Butt Joint Assembly Technique

How to hold cabinet pieces in place while assembling with butt joints. October 14, 2009

For those of you who construct with butt joints and screws, how do you keep your decks and shelves aligned and square while you insert screws? I construct the case first and then attach the frame, but I was thinking of using a framing square to pencil some marks in place and then shooting a few staples in before the screws. I was wondering if there was a quicker way, or maybe one with no pencil.

Forum Responses
(Cabinetmaking Forum)
From contributor A:
Rip a couple of spacers and set the shelf on it, then shoot screws. I usually just hold the decks flush, but you can use a clamp to hold it there till you get a couple of screws in.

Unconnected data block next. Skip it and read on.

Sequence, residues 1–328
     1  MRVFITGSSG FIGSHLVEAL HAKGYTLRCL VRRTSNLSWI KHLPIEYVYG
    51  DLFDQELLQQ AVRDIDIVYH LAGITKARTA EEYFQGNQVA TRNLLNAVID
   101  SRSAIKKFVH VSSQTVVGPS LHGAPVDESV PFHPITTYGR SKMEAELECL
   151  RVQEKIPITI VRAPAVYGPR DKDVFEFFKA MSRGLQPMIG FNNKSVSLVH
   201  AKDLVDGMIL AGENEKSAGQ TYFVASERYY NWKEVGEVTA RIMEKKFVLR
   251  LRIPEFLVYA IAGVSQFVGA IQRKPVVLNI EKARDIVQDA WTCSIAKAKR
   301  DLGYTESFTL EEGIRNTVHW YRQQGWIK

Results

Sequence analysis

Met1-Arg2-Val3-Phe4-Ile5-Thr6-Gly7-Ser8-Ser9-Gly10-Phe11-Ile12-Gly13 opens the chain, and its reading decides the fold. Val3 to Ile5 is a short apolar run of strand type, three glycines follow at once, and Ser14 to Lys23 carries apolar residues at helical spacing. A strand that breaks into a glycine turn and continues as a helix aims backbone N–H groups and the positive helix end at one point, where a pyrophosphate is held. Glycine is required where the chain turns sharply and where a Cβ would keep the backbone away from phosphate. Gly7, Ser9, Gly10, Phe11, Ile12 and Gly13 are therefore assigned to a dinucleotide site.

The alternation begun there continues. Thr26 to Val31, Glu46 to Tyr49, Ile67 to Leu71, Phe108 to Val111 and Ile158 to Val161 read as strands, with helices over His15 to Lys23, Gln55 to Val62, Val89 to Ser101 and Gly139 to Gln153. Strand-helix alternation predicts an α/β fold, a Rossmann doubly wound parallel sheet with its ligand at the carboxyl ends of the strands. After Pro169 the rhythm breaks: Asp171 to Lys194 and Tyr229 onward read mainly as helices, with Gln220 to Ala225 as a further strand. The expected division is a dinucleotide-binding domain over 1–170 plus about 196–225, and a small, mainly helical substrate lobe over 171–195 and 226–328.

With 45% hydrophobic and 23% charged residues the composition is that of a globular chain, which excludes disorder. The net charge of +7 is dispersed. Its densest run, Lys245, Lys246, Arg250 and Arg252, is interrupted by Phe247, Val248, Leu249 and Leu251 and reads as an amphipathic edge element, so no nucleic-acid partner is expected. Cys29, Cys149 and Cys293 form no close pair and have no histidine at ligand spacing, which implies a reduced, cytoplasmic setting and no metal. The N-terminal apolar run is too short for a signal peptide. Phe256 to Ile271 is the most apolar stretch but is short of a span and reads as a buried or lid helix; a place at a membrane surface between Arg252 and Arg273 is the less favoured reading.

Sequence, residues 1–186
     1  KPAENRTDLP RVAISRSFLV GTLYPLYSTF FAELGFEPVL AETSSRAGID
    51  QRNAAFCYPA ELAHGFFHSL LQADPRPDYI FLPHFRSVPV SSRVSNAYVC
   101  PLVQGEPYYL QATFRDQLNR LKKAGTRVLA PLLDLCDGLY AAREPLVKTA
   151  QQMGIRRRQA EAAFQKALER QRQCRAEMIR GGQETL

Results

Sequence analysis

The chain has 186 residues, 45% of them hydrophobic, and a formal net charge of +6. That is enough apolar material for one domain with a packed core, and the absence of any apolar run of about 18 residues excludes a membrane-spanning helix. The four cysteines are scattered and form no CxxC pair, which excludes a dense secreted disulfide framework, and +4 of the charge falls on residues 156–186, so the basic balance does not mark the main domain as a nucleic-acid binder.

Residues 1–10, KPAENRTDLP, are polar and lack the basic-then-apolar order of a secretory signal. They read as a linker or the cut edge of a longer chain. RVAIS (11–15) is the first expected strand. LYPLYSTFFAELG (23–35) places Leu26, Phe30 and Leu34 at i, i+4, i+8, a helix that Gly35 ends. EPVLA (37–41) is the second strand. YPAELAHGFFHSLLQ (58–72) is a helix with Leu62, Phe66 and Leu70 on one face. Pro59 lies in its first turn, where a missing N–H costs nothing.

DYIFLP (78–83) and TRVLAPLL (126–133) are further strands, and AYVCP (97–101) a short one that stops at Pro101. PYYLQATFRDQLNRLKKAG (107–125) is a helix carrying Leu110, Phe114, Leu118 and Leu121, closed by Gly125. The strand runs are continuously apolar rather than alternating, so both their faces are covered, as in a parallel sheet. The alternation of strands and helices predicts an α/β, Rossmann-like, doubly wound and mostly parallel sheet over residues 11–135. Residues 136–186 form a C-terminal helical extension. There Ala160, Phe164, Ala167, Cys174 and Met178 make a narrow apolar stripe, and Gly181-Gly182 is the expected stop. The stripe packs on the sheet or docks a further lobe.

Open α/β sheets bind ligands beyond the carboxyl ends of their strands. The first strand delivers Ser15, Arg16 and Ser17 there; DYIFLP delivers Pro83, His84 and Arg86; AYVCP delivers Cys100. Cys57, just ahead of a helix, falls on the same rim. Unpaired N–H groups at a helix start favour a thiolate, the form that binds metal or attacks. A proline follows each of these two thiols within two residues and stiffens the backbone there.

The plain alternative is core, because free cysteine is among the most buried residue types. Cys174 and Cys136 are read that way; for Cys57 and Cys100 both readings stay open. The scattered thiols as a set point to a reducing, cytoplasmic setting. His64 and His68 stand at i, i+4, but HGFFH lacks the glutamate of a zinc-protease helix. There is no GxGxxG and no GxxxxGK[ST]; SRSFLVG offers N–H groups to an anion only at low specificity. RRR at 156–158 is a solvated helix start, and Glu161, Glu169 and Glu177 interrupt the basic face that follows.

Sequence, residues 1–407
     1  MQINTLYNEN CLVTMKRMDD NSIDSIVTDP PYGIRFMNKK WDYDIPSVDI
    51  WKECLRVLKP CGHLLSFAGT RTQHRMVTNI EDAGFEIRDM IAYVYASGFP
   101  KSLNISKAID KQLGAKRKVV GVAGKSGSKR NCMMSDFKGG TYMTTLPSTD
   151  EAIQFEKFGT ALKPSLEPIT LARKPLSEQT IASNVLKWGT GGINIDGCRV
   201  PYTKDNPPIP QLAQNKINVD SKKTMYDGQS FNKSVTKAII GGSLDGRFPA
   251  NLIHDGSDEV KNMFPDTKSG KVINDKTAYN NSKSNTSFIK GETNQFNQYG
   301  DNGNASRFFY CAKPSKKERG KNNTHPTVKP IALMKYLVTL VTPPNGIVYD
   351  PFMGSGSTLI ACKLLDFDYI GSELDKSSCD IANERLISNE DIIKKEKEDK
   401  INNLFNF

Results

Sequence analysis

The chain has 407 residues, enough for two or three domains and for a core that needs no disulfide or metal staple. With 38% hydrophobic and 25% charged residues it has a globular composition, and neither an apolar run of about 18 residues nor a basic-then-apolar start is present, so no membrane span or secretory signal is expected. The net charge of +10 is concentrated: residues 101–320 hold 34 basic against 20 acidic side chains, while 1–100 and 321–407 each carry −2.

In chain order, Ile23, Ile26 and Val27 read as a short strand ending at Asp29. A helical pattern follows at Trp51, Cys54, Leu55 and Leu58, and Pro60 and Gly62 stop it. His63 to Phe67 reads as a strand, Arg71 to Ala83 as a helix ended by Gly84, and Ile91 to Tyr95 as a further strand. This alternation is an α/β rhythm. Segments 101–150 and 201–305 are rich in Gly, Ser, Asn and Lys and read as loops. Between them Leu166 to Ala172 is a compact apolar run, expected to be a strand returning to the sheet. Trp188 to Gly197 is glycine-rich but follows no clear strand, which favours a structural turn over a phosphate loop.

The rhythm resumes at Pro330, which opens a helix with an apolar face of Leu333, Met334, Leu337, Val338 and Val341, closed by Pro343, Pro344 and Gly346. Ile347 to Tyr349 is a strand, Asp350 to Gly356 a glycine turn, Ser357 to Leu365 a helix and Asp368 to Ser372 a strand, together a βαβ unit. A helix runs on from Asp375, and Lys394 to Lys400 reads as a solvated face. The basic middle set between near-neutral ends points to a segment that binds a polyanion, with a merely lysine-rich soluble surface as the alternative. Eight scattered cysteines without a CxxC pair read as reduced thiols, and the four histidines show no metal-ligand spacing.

From contributor B:
Cut spacers, shoot some brads to tack, tap tap to align perfectly, pre-drill, then screw.

From contributor A:
We use spacers and start with the tops and bottoms being shot, then adjusted and screwed. Pantry cabinets get squared and marked but I have been thinking of making some standard spacer boards for some of them.

I also build frameless cabinets without toekicks attached. If you have your sides notched for toes then I might rip a bunch of strips the proper height and nail the strip to the bottom of the side before assembly so that there is no mismatch side-to-side. I also butt joint and conformat screw my 3/4 backs on the cabinets. Total time per box assembly with hardware is about 8-15 minutes, depending on person building boxes.

A typical base cabinet has the following: 2 sides, bottom, back, 3 stretchers, 4 hingeplates, drawer runners, hardware and spacers for 2 roll out trays, and 4 skid blocks underneath cabinet.